All of this provides an incendiary situation during the current lockdown, when tensions rise and escape proves impossible.
The call to action so far
On 29 March, specific guidance on Coronavirus (COVID-19): Support for victims of domestic abuse was published and Home Secretary, Priti Patel, confirmed that women can leave violent households to go to a refuge during the lockdown.
Yet, refuges and specialist services have been savaged by austerity cuts. This means, in reality, there is nowhere for women to go when they do leave violent homes during lockdown. And although many services for women survivors have moved online, this does not suffice.
Half of the women in our research cited women’s organisations as the most important place to report Violence Against Women and Girls (VAWG) after the police.
Specialist services are especially important for migrant women who need support in their own languages and culture.
When the women come to us, they disowned their family or were disowned by them; they’re disowned by the community. We end up being their family and their community. This is the only place they know that will accept them, not judge them, and they’re able to fulfil, to learn what their rights are here, and they’ll be given a voice.– Anonymous service provider
Last week, the Latin American Women’s Rights Service and Amnesty International wrote an open letter urging the Government to recognise the specific challenges facing migrant women with insecure immigration status.
They called to:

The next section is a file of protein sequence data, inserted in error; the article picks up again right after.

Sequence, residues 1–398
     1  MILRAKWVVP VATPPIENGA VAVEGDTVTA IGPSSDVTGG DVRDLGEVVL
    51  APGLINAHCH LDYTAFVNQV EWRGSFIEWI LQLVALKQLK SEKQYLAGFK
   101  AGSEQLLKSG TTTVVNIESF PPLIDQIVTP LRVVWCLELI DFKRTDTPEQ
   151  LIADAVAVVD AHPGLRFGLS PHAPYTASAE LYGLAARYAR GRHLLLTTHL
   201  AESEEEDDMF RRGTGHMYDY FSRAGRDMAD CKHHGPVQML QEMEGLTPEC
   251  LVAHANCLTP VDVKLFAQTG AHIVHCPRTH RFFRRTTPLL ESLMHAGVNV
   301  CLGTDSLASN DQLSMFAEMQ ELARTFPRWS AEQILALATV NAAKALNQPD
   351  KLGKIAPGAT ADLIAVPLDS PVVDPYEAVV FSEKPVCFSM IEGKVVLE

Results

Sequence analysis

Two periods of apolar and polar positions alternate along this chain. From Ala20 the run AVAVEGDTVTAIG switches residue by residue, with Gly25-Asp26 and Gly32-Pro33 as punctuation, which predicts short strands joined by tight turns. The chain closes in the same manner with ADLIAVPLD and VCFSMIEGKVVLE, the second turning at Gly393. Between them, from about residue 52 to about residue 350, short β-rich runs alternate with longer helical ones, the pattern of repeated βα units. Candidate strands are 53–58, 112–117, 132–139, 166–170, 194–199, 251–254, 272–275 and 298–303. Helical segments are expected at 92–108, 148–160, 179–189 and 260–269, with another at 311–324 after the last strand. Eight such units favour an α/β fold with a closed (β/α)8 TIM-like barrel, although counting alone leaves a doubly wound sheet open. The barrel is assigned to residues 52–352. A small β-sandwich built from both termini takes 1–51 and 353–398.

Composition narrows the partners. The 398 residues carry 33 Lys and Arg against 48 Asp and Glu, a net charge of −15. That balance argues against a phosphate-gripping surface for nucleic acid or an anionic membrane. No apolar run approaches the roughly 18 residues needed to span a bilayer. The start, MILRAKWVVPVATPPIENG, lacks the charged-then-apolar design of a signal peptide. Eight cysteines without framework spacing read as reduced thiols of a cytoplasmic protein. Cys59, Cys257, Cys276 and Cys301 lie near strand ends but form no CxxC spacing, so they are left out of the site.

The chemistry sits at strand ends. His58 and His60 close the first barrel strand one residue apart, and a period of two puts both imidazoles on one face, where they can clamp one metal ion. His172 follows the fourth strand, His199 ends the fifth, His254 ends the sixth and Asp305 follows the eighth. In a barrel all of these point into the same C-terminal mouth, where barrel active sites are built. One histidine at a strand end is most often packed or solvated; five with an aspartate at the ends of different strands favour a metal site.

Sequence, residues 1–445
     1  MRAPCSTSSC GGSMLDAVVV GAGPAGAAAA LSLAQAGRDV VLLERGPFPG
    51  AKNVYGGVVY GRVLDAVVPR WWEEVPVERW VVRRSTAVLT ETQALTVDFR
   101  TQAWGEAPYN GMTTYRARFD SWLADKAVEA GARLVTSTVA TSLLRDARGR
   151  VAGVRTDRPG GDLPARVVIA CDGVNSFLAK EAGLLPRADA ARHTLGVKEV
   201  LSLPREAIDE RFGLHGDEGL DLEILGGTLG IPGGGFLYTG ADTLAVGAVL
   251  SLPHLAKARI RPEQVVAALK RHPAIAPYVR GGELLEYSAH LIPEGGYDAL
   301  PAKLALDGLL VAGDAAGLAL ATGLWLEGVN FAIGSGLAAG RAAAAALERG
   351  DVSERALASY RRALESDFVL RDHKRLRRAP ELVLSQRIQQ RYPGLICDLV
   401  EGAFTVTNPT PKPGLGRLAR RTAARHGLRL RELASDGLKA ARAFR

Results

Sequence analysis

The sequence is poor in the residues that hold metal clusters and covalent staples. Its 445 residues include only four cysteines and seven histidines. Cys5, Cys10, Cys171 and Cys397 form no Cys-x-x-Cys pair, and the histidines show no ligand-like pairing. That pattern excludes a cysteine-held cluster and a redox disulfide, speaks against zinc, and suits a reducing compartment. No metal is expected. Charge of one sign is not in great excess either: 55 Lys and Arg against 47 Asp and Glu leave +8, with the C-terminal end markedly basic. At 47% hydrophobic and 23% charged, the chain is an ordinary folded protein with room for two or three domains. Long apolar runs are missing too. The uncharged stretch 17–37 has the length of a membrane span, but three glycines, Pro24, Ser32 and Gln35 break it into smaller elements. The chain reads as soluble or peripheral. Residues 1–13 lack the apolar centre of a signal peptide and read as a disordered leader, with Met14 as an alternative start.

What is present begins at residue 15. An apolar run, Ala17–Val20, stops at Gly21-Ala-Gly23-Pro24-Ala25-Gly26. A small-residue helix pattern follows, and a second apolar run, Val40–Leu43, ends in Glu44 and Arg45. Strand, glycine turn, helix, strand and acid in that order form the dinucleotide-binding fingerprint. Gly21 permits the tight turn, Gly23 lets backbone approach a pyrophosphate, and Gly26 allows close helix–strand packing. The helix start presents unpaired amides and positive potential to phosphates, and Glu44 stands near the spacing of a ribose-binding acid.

- stop data sharing among statutory services
- end all NHS charges
- abolish the ‘No Recourse to Public Funds’ (NRPF) condition that prevents many migrant women from accessing support
- provide additional funding for specialist organisations, including refuges
They also called for the forthcoming Domestic Abuse Bill to highlight the plight of migrant women to ensure that they are protected.
This was followed up by another letter to the Secretary of State for Housing, Communities and Local Government to protect migrant women with NRPF – requesting an emergency fund to Local Authorities to ensure they are able to house survivors of domestic abuse in hotels or other appropriate locations.
Now, Women’s Aid has appealed to the Prime Minister to develop an urgent strategy to protect women and girls from abuse, including ensuring equal protection for migrant survivors.
What will happen next?
If these calls are not heeded, many women will die or face life-changing injuries – not just from COVID-19 but from gender-based violence.
The current pandemic is not the cause of Violence Against Women and Girls, yet it brings into focus the enduring inequalities and fears faced by migrant women. It also shows how the prior decimation of the specialist women’s sector funding, especially for refuges, has meant that deaths from domestic abuse will be another legacy of COVID-19.
Cathy McIlwaine is Professor of Development Geography at King's College London. This blog originally appeared on the Kings College London website on 9 April 2020.